Acute Bacterial Prostatitis

Acute bacterial prostatitis should be suspected in men presenting with symptoms of UTI. Age and immunodeficiency contribute to men having UTIs, so prostatitis is more likely in otherwise healthy men with these symptoms (Lipsky, 1999). Patients may have UTI symptoms (e.g., dysuria, frequency, urgency) and typically systemic symptoms of acute illness, such as fever, chills, and myalgias. Local discomfort in the form of pelvic or back pain is also typical. Examination reveals a tender, boggy prostate. Most experts have recommended against prostate massage in acute prostatitis because it would be very uncomfortable and theoretically could disseminate the infection (Benway and Moon, 2008; Wagenlehner and Naber, 2003).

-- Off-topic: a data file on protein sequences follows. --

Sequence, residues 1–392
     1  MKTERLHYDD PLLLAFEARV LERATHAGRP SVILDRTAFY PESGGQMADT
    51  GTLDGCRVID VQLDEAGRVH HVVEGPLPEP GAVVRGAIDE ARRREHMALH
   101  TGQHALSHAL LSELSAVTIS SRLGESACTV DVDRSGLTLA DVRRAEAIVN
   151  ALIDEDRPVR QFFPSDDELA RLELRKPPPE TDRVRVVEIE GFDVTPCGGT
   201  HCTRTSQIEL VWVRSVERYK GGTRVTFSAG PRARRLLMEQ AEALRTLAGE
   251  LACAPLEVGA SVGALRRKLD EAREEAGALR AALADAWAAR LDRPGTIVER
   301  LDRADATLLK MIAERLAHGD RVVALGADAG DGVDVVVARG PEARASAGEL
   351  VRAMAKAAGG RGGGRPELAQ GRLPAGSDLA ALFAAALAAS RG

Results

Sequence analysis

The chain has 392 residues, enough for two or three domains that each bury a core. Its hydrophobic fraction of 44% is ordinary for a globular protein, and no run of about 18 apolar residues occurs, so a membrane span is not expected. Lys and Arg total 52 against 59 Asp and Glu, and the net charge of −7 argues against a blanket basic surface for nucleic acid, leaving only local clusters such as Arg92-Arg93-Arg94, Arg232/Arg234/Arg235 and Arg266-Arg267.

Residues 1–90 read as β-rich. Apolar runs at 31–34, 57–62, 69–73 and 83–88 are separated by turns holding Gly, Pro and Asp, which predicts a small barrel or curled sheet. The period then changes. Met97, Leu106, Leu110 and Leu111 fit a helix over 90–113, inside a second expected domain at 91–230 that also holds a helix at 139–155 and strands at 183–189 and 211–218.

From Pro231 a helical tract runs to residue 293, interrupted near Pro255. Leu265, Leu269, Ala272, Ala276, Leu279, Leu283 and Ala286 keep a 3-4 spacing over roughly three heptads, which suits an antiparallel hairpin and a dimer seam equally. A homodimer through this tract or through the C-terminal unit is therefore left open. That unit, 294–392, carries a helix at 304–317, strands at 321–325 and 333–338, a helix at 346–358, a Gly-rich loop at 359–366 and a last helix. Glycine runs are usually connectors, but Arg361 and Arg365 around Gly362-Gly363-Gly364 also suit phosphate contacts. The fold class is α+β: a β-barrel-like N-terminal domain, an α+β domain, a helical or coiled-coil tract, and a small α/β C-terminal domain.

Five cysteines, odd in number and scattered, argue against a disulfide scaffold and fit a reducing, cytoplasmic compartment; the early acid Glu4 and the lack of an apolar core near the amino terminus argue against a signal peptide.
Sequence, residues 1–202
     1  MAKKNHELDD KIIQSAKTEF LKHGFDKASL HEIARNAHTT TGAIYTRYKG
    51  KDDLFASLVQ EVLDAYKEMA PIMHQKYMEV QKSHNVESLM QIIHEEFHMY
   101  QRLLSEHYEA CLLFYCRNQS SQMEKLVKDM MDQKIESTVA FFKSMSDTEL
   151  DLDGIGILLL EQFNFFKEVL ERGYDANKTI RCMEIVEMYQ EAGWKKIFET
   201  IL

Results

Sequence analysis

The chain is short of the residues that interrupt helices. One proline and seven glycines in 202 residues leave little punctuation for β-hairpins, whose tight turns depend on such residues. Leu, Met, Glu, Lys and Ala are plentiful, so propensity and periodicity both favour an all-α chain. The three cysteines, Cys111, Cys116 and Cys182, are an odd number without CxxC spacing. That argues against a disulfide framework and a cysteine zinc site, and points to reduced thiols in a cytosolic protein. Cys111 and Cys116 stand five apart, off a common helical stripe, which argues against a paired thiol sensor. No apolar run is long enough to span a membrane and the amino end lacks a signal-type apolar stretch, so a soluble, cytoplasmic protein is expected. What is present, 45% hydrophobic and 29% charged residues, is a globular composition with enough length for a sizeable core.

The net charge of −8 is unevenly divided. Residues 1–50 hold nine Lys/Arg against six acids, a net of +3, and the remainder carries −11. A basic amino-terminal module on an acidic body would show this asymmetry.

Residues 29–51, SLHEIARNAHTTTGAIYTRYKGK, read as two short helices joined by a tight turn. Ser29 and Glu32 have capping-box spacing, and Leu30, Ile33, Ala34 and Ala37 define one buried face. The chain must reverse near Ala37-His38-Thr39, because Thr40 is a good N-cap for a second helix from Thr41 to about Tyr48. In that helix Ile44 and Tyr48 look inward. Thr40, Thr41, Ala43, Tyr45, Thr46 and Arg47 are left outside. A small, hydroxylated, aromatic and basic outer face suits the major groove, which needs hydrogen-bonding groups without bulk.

Urine culture is typically positive for the causative organism. Treatment is empiric pending the results. Depending on the degree of illness, patients may need an IV broad-spectrum penicillin or third-generation cephalosporin, possibly with an aminoglycoside, or a fluoroquinolone (Wagenlehner and Naber, 2003). Less severe cases can be managed with oral antibiotics. Options include fluoroquinolones and tri-methoprim-sulfamethoxazole (TMP-SMX) (Lipsky, 1999). An alternative when STI is likely is intramuscular (IM) cef-triaxone followed by oral doxycycline. Antibiotic therapy is typically 10 to 14 days, although some recommend 4 weeks because of concerns about antibiotics poorly penetrating prostatic tissue. Obstructive uropathy may result from pros-tatic enlargement; thus, assessment for this clinically or with postvoid residual assessment should be considered (Benway and Moon, 2008).

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